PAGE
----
False enlightenment

 

diamond

The mere understanding that ‘there is no person’ is not by itself enough. The mere understanding/seeing or knowledge ‘there is no separation’, ‘there is no doer’, ‘there is no separate self’ is by itself not enough.

For suffering to end, the self-referential habitual tendencies (vasanas) which originally arose from the belief in separation, these vasanas must also end. These vasanas are those addictive tendencies which aim to seek fulfillment in experiences and things (ie. in objects).

Seeing ‘there’s nobody here’ is seeing through the illusion of separation. However the functioning of self-referential addictive vasanas may continue due to the deeply established force of habit, and so the suffering resulting from these on the phenomenal level continues.

Once the illusion of (separate) self is seen as an illusion*, one must still remove the vasanas**. How? We are advised simply to ‘be still’.

…one must still remove the vasanas. How? We are advised simple to ‘be still’.

There is an apparent contradiction here, for if the separate self is seen through and seen to be false, then who or what is being still? Well, when the vasanas arise, it is really the sense of/belief in separate self that arises, out of habit, which means that although the individual person has intellectually been seen to be non-existent, it is actually the person who knows this. The person is the ignorance, which means that the ignorance has not been fully rooted out. ie. ignorance is still present.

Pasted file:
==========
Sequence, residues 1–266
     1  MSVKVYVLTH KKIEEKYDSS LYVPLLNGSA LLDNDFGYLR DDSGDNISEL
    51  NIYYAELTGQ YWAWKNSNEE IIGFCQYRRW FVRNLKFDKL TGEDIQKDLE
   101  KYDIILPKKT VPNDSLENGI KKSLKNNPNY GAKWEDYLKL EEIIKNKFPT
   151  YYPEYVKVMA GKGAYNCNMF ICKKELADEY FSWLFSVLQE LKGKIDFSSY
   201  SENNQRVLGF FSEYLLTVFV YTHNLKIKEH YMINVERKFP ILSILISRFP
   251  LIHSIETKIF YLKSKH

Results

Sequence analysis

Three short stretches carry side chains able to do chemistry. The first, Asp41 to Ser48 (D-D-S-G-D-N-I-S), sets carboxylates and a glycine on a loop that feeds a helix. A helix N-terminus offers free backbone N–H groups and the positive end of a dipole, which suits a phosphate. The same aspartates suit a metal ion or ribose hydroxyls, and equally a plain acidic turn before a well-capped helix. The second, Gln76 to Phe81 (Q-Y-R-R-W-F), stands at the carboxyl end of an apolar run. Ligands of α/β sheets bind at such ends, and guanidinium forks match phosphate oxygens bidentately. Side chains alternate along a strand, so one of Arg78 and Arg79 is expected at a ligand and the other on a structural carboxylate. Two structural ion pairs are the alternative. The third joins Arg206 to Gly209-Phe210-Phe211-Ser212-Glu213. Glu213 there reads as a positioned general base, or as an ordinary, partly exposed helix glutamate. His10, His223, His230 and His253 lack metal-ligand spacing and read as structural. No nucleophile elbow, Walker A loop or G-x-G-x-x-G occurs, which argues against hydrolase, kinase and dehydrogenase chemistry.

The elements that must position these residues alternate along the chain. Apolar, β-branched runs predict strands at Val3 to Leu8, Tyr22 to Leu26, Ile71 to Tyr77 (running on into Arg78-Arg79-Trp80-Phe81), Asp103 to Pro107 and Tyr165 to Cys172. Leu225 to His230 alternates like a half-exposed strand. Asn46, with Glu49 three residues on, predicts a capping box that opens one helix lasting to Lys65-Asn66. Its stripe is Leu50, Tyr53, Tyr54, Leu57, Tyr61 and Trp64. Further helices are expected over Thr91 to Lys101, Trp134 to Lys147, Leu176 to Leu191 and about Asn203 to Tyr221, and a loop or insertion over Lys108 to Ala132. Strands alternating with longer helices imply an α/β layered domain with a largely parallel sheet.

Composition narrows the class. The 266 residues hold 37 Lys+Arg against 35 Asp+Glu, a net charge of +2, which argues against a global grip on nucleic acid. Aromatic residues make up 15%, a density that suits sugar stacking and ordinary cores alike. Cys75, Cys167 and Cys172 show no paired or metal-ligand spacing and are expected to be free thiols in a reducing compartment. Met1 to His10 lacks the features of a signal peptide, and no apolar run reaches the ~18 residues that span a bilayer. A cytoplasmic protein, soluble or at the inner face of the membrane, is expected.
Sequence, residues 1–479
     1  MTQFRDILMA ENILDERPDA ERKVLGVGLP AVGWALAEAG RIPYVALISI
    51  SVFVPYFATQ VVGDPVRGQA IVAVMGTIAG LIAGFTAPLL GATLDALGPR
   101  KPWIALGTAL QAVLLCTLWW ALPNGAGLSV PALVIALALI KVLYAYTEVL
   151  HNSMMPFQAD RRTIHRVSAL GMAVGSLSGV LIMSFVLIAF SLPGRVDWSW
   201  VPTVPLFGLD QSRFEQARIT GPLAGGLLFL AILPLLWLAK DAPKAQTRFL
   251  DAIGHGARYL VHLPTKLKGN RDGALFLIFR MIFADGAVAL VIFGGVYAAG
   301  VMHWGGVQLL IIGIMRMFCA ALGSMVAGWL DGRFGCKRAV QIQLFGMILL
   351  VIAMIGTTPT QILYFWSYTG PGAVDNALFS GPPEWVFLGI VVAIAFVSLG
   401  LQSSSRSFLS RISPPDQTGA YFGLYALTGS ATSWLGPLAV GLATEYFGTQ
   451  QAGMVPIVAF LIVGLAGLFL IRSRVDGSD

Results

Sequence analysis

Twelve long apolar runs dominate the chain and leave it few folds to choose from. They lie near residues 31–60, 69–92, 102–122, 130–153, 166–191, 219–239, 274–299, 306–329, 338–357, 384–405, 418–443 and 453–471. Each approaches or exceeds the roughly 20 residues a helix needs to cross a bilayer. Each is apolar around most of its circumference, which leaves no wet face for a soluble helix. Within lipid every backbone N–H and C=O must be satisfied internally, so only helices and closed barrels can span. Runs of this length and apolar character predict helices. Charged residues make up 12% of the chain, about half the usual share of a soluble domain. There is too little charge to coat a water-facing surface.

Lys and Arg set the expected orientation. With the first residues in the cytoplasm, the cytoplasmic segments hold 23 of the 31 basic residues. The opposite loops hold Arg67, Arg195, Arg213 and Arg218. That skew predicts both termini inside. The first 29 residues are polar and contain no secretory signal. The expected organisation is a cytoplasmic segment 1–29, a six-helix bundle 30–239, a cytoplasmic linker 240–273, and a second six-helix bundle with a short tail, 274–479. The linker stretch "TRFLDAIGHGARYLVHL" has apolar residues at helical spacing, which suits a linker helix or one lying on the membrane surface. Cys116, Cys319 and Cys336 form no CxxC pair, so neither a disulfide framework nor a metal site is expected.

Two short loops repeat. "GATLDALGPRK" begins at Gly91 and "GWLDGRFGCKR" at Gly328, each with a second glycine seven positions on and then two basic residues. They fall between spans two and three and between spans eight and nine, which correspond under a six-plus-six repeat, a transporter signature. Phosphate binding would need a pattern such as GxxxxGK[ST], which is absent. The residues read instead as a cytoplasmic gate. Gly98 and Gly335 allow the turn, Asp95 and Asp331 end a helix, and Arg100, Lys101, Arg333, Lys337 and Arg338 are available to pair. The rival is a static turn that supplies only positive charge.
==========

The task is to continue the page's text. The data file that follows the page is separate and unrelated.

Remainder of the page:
So, insight (into no-self) having been attained (in the mind), now we are advised to be still in order to purify our minds of the vasanas. Shankara famously wrote: vasana kshaya moksham, which means ‘destruction of the vasanas is Moksha (liberation).’

Ask yourself:

-Can the ego make the ego still?
-Can thought still thought?
-Can we become effortless through effort?

The answer is no. Knowing this, be still.

Allow what comes to come, allow what goes to go. See there is nobody here. As the vasanas/ego/sense of ‘me’ arise, allow them to fall again.

Be still.

Note that being still is not doing something. It is not trying hard to be still – that is just more effort. Rather ‘be still’ means not adding to this, or rather to stop seeking and grasping, letting things be as they are, no longer looking for fulfillment in objects.

Being still is not doing something

The above reasoning and this last sadhana (spiritual practice) of stillness is beautifully expressed in the classic Advaita text Advaita Bodha Deepika, which was recommended by Ramana Maharshi as a manual for Advaita. The text takes the seeker through all aspects of the path. see here for a short excerpt:

The Ultimate means to liberation

Similarly in Buddhism and Zen we see the same teachings. See here for an example:

Zen: The sure way to enlightenment

*traditionally the Vedanta path is threefold. Firstly the teachings are heard (sravana), then they are comtemplated upon (manana) and their truth is realised/ignorance is removed. Then lastly the vasanas or habitual tendencies which originally arose due to ignorance are purified (nididhyasana).